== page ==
Emmet, a member of the Advisory Committee of the Garden Conservancy and a trustee of the Society for the Preservation of New England Antiquities, describes gardens from Colonial times into the 20th century, from small urban retreats to large estates. She concentrates on some two dozen gardens that survive or are well-documented in diaries, correspondence, historical records, plans, and paintings. It is instructive to compare her approach with May Brawley Hill's Grandmother's Garden (LJ 11/15/95), which covers a specific type of garden in a more limited time period but over a broader geographical range. Both authors describe Celia Thaxter's famous island garden off the coast of Maine. Hill features six full-page reproductions of paintings of the garden; Emmet gives more attention to Thaxter's life but does include a plan of the garden and information about its restoration. In general, Emmet spends more time on the biographies of the creators or owners of these gardens and less on the gardens themselves, but she still accomplishes her aimto examine the evolution of New England gardens from the utilitarian to the ornateand does so in a well-written and well-designed volume. Each chapter has extensive endnotes, but a bibliography would have been useful. Recommended for all gardening history collections.Daniel Starr, Museum of Modern Art, New York
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Product Details

  • ISBN-13: 9780874517743
  • Publisher: University Press of New England
  • Publication date: 3/1/1997
  • Edition description: New Edition
  • Edition number: 1
  • Pages: 256
  • Sales rank: 1,363,429
  • Product dimensions: 8.53 (w) x 11.02 (h) x 0.67 (d)

Meet the Author

Alan Emmet has written widely landscapes and gardens. She is on the Garden Conservancy Advisory Committee and a trustee of the Society for the Preservation of New England Antiquities. She recently coauthored a historic landscape report for the National Trust for Historic Preservation on Chesterwood, Daniel Chester French’s summer home and studio.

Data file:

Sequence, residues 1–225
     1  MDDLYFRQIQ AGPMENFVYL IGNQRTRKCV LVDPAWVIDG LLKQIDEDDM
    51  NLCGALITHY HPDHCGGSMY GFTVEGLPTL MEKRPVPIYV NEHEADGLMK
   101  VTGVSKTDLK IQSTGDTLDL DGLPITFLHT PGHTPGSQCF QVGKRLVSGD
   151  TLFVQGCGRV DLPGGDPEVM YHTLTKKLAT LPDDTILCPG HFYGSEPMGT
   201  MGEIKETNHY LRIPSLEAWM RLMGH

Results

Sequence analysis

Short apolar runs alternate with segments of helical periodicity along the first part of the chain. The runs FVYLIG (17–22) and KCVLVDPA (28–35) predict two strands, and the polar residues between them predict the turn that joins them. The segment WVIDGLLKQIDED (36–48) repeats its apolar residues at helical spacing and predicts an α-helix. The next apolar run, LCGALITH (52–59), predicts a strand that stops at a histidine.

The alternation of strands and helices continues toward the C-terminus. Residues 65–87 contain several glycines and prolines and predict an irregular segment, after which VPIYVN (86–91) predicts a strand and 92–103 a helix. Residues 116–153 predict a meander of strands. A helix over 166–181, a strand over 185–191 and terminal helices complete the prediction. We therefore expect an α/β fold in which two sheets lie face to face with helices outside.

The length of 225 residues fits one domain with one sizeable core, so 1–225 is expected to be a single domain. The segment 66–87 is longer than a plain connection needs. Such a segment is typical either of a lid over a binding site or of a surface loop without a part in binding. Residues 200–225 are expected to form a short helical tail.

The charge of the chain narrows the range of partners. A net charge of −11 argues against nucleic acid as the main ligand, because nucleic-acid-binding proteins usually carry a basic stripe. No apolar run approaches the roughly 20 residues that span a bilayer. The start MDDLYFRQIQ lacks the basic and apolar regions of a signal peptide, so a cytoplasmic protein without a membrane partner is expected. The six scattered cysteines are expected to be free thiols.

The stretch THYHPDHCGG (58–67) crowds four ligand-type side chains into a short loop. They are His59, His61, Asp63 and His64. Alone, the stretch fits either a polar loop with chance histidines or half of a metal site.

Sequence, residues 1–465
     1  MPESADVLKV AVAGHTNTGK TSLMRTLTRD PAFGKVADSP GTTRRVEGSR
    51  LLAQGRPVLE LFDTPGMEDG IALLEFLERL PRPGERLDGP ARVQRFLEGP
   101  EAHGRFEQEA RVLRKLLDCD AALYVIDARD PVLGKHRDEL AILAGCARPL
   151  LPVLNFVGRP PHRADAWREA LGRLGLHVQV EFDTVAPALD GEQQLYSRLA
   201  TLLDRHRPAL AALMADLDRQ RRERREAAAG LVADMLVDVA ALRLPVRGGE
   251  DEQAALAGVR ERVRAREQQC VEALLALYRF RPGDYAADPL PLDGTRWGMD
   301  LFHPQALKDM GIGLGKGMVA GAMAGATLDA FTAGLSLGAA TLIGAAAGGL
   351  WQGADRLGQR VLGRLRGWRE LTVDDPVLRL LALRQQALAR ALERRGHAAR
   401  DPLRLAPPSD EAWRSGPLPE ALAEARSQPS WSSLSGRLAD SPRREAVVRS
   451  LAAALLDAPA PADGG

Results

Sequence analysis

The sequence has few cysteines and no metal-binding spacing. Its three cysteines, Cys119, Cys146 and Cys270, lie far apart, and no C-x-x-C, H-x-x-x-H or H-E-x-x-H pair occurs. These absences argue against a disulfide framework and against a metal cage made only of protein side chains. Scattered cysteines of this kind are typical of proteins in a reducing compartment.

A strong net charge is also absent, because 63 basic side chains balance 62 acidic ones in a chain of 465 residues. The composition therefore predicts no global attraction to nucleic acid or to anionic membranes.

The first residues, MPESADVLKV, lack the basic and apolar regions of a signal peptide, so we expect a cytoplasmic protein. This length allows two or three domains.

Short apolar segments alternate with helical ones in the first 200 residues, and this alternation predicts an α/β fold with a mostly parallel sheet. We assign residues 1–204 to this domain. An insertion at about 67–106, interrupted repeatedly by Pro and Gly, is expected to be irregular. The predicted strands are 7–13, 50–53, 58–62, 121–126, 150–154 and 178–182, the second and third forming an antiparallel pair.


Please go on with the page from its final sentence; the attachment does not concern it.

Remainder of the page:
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Table of Contents

Introduction: So Fine a Prospect
1 A Race of Cultivators: Theodore Lyman, John Codman, and Other Exemplars of the Pastoral Ideal 1
2 The Conservative Tradition: Gardens of Portsmouth, New Hampshire 14
3 Radishes and Orchids: The Bootts' Garden in Boston 32
4 Ghosts in the Garden: Vaucluse, Portsmouth, Rhode Island 47
5 Brief Dynasty: John Perkins Cushing's Bellmont, Watertown, Massachusetts 57
6 Boxwood and Bunting: Henry Bowen's Roseland, Woodstock, Connecticut 69
7 Family Trees: Wellesley, the Hunnewell Estate 84
8 To Bring Back the Past: The Codmans at The Grange, Lincoln, Massachusetts 101
9 A Little Taste of Everything: Potter's Grove, Arlington, Massachusetts 118
10 On the Isles of Shoals: Celia Thaxter and Her Garden by the Sea 130
11 The Power Landscape: William Seward Webb's Shelburne Farms, Shelburne, Vermont 144
12 The Sculptor Makes a Garden: Daniel Chester French's Chesterwood, Stockbridge, Massachusetts 162
13 Of Time and the River: The Gardens at Hamilton House, South Berwick, Maine 177
14 The Italian Inspiration: The Garden at Faulkner Farm, Brookline, Massachusetts 191
15 The Great Good Place: Edith Wharton at The Mount, Lenox, Massachusetts 206
16 A New Palette: Eolia, the Harkness Estate, Waterford, Connecticut 219
17 The Mind's Eye and the Camera's Eye 230
Index 235